What we did discover was Kalabahi is the access point for a great dive area, and while we were keen to check out the diving I also found a mention of a nearby traditional village called Tapkala. These two things were enough—we decided that even if we couldn’t find online reassurance that Kalabahi was a good destination, we’d check it out ourselves.

Maia is frequently asked to pose for pictures
Being the only white people in a remote Indonesian city is both overwhelming and charming—children ran after us practising their English while scooter drivers stared at us in such obvious shock we nearly caused accidents. The attention was almost enough to make us scurry home—but even on the boat we got frequent visitors.

Finding information about diving and the little village we wanted to see was more complicated than we expected. Not a tourist town, Kalabahi doesn’t have a handy tourist office to check in with. We thought stopping in at the hotel might be an option but as we were making a plan (maybe we’d just catch a bemo and say where we hoped to go and see what happened?) a car pulled up beside us and Elfis, (who didn’t speak English) and his friend Noby (who spoke even less) offered to help.

I wonder sometimes what we teach Maia when we climb into a strange car, with strangers who don’t speak English in a city we know nothing about. I hope she learns that we all have more in common than we think and the distance between us is less than you imagine. Also I hope it teachers her that most people are kind. But I also don’t really want HER climbing in strange cars with strangers anytime in her near future—so it’s a bit of a conundrum.

Somehow though everything about Elfis felt comfortable—from the stuffed animals on his dashboard, to the mellow (and very bad) Christian music on the stereo, to the extreme effort he made to hunt down someone who could tell us where Tapkala was.

Noby and Elfis
I’m pretty sure that without Elfis we would never have found Tapkala. It turned out to be located across the island and way up a mountainside, even if we’d found the bus that was supposed to go that way it would have been a seriously hot hoof up the hill. Instead we were chauffeured like visiting celebrities. Seriously. Little children would wave and call out to us as we passed…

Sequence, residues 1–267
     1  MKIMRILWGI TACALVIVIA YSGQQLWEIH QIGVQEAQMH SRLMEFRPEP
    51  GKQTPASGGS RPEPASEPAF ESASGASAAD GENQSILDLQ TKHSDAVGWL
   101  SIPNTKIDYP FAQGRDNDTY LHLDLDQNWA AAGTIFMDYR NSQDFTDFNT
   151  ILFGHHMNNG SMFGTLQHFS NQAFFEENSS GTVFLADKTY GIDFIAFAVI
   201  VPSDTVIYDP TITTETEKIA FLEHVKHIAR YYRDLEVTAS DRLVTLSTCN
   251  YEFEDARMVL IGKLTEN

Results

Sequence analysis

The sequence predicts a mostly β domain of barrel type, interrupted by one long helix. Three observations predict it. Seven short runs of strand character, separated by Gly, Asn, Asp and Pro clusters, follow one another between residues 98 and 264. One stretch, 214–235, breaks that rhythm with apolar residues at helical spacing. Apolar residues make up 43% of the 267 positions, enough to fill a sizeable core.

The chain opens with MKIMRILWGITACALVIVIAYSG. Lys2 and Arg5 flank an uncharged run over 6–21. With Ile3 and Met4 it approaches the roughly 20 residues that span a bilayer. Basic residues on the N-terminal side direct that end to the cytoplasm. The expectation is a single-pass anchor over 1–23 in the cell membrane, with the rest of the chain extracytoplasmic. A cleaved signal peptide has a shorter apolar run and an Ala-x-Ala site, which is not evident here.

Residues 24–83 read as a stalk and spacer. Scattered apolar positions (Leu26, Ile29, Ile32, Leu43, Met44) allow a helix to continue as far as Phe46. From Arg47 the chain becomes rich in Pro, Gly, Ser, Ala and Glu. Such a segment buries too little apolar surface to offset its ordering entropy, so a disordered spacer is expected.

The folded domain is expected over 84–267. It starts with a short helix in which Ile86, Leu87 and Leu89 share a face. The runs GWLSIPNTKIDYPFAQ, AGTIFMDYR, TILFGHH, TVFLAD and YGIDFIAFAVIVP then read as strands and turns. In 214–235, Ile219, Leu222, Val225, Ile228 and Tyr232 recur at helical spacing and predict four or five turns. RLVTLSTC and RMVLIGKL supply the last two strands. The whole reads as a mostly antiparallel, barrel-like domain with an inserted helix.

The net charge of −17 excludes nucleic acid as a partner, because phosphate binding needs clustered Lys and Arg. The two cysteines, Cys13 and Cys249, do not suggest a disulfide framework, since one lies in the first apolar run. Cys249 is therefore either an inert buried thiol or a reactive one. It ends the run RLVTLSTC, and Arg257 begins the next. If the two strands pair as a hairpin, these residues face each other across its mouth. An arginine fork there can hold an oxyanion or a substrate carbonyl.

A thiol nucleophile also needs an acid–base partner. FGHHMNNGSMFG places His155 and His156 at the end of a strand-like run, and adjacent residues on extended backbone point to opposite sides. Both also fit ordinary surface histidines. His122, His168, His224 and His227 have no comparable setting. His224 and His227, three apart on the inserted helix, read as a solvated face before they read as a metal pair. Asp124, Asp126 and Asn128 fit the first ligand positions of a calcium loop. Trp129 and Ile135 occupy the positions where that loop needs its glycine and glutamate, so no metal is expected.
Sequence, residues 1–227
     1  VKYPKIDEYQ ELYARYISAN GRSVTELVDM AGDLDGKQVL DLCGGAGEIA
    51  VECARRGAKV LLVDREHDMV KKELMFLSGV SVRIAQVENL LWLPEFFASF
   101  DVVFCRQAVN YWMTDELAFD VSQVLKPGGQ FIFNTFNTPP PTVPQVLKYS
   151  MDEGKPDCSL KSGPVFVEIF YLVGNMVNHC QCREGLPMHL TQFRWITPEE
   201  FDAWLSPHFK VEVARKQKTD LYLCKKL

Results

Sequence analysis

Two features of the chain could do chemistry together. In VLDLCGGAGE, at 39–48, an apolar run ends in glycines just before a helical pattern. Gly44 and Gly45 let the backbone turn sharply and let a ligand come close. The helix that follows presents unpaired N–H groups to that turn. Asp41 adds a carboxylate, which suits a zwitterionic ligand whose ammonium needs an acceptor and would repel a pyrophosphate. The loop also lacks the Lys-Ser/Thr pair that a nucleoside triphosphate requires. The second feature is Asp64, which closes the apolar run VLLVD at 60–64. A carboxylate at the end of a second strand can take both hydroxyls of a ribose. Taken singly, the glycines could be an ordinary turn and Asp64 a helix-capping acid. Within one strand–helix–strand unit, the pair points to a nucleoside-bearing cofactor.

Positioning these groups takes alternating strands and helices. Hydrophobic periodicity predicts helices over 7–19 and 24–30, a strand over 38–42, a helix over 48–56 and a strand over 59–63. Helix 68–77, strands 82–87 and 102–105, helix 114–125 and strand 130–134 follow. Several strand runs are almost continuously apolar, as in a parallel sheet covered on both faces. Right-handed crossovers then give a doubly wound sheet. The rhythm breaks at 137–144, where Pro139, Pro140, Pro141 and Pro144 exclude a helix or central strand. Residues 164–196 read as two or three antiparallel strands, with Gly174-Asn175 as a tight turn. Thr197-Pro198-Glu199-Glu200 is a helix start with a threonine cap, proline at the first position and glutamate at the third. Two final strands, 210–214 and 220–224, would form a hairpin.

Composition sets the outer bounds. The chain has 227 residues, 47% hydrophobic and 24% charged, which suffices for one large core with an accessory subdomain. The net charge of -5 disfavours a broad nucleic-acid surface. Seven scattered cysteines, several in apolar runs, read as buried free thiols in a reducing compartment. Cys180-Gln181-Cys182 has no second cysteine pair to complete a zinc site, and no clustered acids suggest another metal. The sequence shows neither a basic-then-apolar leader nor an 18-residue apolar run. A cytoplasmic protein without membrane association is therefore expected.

Tapkala is best shared in pictures. The village is a subsistence one but the tourists that find their way bring in much needed cash. Sadly the women bring out the same Chinese ‘handicrafts’ that we’ve seen everywhere from Mexico to Fiji. But the headman was eager to show us around the village and teach us about some of their traditions—he dressed up in his (rather terrifying) warrior clothes and then explained what each barb of his bow and arrow was designed to kill us.

October 19, 2014

Sailing the Seven Seas

Whoever wants to go into the world must cross seven seas, each one with its own colour and wind and fish and breeze, completely unlike the sea that lies beside it.

We've sailed out of the Arafura Sea, through the Timor Sea into the Savu Sea. Soon we'll be in the Flores Sea. In the early days of sailing, these seas were part of the seven seas; those enchanting waters on the other side of the world where spice was in the wind. To sail them meant you had sailed as far from staid grey Europe as you could. You'd reached the mystical land of dragons.

For the record, there are more than seven seas; there's more like 100. But these waters do feel different. And it's not just the fire scented breeze that set off our smoke detector, the long slow swells, or the colourful high-bowed fishing boats that swoop close to look at us. Maybe if we'd flown into Jakarta by plane that sense of the exotic would have been more subdued. But we sailed into a port where the numbers of foreign ships each year only numbers in the hundreds (we were yacht # 675) and these numbers make up a good part of Kupang's foreign visitors.

We stand out in the streets. Everywhere we go: getting sim cards for our mobiles, waiting for bemos take us from place to place, shopping in the market, we're surrounded by a crowd. People touch our arms and stroke our hair. Maia is pulled into photos. They offer us help in bargaining for our dinner and laugh when we clearly paid too much. They follow us using a few English words, "Hello madam!" "Ausralie?" "You speak Indo?" We offer back our small bits of Indonesian, "Selamat pagi." "Terima Kasih."

Arriving by boat is an older way to travel. Everything is harder and takes longer. On our first morning we decided to check in using an agent. Stories of three and four day check ins (Maia and I would need to stay on the boat while Evan visited office after office) convinced us that help wouldn't go amiss. Our faith (and $60) in Api wasn't misplaced. After having the customs agent aboard (we served cold juice and lemon squares and he looked for alcohol in our olive oil bottle) Evan made record time visiting four offices (one twice) and making dozens of photo copies. By the end of the day we were officially in. But in the process Evan lost a credit card.

Our second day was spent trying to reconnect to the world-especially with the credit card company. Setting up phones in a foreign place is rarely simple. It took three tries. Midway through we ran out of steam-touched out and wrung out we found a restaurant and had lunch. Lunch brought us good fortune. We met a Canadian expat who offered us a scooter ride and we were off to see monkeys.

seems we found the only polite monkeys in Asia...